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Redesigning the Process for Establishing the Dietary Guidelines for Americans (2017)

Chapter: Appendix B: Public Workshop Agenda and Comments

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Suggested Citation:"Appendix B: Public Workshop Agenda and Comments." National Academies of Sciences, Engineering, and Medicine. 2017. Redesigning the Process for Establishing the Dietary Guidelines for Americans. Washington, DC: The National Academies Press. doi: 10.17226/24883.
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Appendix B

Public Workshop Agenda and Comments

January 10, 2017
National Academy of Sciences Building—Lecture Room
2101 Constitution Avenue, NW
Washington, DC 20418

8:30 Welcome and Introductory Remarks
Rob Russell, Chair
8:35 Lessons from the 2015 Dietary Guidelines Advisory Committee (DGAC)
  • Barbara Millen, former chair, 2015 DGAC
9:20 Systematic Reviews in Nutrition
  • Stephanie Chang, Agency for Healthcare Research and Quality
  • Eve Essery Stoody, U.S. Department of Agriculture (USDA)
  • Julie Obbagy, USDA
10:40 Developing and Planning for Systematic Reviews
  • Shawna Mercer, Centers for Disease Control and Prevention
  • Holger Schünemann, McMaster University (remote)
  • David Meltzer, University of Chicago (remote)
1:15 The Role of Nutrition and Diet in Preventing and Treating Chronic Disease
  • Bert Garza, Boston College and Johns Hopkins University
1:45 Other Data Inputs into the DGA
  • Patricia Britten, former USDA
  • Patricia Mabry, Indiana University
Suggested Citation:"Appendix B: Public Workshop Agenda and Comments." National Academies of Sciences, Engineering, and Medicine. 2017. Redesigning the Process for Establishing the Dietary Guidelines for Americans. Washington, DC: The National Academies Press. doi: 10.17226/24883.
×
3:00 Dissemination and Implementation of the DGA
  • Kathleen Rasmussen, Cornell University
  • Janet de Jesus, National Institutes of Health
  • Becky Domokos-Bays, Supervisor of School Nutrition, Loudoun County

At the workshop, the committee asked for a public response to two questions:

  • What are the two major challenges you face in implementing the DGA?
  • What are the two biggest opportunities you see for the DGA to promote chronic disease prevention and ensure nutritional sufficiency?

Responses from the public were made in person during the workshop and received online from the following individuals and groups:

Angela Amico, Center for Science in the Public Interest, on behalf of Lorrene Ritchie, University of California Nutrition Policy Institute

Tejas Bhatt, Institute of Food Technologists

Darlena Birch, National Women, Infants, and Children Association

Cara Brumfield, 1,000 Days

Robert Burns, Grocery Manufacturers Association

Jeannette Crenshaw, United States Breastfeeding Committee

Emma Gregory, American Frozen Food Institute

Colette Heimowitz, Atkins Nutritionals, Inc.

Guy Johnson, McCormick Science Institute

Casey Keller, Global Wrigley

Mark Kennedy, Physicians Committee for Responsible Medicine

Clara Lau, National Cattlemen’s Beef Association

Susan Levin, Physicians Committee for Responsible Medicine

Sean Lucan, Albert Einstein College of Medicine

Richard Lucas, Food and Nutrition Service, U.S. Department of Agriculture

Jim O’Hara, Center for Science in the Public Interest

Sarah Ohlhorst, American Society for Nutrition

Mary Pat Raimondi, Academy of Nutrition and Dietetics

Tia Rains, Egg Nutrition Center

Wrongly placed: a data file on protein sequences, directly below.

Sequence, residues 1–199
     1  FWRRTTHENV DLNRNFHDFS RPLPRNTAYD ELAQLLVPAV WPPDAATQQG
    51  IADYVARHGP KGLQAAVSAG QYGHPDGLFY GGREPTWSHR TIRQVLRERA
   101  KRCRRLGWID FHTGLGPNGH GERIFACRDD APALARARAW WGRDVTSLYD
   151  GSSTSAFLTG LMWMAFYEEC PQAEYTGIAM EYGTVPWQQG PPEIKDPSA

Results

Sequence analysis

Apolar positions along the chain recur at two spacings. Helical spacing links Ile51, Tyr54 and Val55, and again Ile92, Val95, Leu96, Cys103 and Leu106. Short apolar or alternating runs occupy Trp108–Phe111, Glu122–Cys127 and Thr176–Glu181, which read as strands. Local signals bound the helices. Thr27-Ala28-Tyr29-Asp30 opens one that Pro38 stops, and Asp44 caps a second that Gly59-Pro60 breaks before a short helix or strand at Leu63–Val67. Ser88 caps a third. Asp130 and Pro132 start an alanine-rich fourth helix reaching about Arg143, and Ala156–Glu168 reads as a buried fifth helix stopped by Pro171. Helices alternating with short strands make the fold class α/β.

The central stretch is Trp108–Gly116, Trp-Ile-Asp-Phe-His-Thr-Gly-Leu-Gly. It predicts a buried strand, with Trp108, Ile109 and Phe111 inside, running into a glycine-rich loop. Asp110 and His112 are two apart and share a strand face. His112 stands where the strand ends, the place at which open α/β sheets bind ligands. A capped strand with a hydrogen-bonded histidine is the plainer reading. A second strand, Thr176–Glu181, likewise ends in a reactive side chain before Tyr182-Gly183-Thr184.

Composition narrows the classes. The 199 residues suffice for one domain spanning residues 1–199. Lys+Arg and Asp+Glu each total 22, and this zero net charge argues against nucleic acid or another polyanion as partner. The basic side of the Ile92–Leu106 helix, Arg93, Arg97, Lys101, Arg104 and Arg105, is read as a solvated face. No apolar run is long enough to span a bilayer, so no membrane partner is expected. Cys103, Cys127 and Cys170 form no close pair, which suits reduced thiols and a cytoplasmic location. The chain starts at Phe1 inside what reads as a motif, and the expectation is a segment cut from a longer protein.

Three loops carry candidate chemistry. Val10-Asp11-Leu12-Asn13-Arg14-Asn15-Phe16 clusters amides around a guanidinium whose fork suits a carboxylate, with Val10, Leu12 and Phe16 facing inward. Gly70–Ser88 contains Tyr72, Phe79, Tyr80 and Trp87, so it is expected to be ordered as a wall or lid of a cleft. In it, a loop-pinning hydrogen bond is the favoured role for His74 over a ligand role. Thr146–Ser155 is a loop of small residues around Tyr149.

Pauline Sakamoto, Human Milk Banking Association of North America

Lee Sanders, American Bakers Association

Kristen Strader, Public Citizen

Paula Trumbo, U.S. Food and Drug Administration

Joan Younger, American Academy of Pediatrics Section on Breastfeeding

Tracey Ziener, Wrigley

Suggested Citation:"Appendix B: Public Workshop Agenda and Comments." National Academies of Sciences, Engineering, and Medicine. 2017. Redesigning the Process for Establishing the Dietary Guidelines for Americans. Washington, DC: The National Academies Press. doi: 10.17226/24883.
×
Page 215
Suggested Citation:"Appendix B: Public Workshop Agenda and Comments." National Academies of Sciences, Engineering, and Medicine. 2017. Redesigning the Process for Establishing the Dietary Guidelines for Americans. Washington, DC: The National Academies Press. doi: 10.17226/24883.
×
Page 216
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What foods should Americans eat to promote their health, and in what amounts? What is the scientific evidence that supports specific recommendations for dietary intake to reduce the risk of multifactorial chronic disease? These questions are critically important because dietary intake has been recognized to have a role as a key determinant of health.

As the primary federal source of consistent, evidence-based information on dietary practices for optimal nutrition, the Dietary Guidelines for Americans (DGA) have the promise to empower Americans to make informed decisions about what and how much they eat to improve health and reduce the risk of chronic disease. The adoption and widespread translation of the DGA requires that they be universally viewed as valid, evidence-based, and free of bias and conflicts of interest to the extent possible. However, this has not routinely been the case.

A first short report meant to inform the 2020 review cycle explored how the advisory committee selection process can be improved to provide more transparency, eliminate bias, and include committee members with a range of viewpoints. This second and final report recommends changes to the DGA process to reduce and manage sources of bias and conflicts of interest, improve timely opportunities for engagement by all interested parties, enhance transparency, and strengthen the science base of the process.

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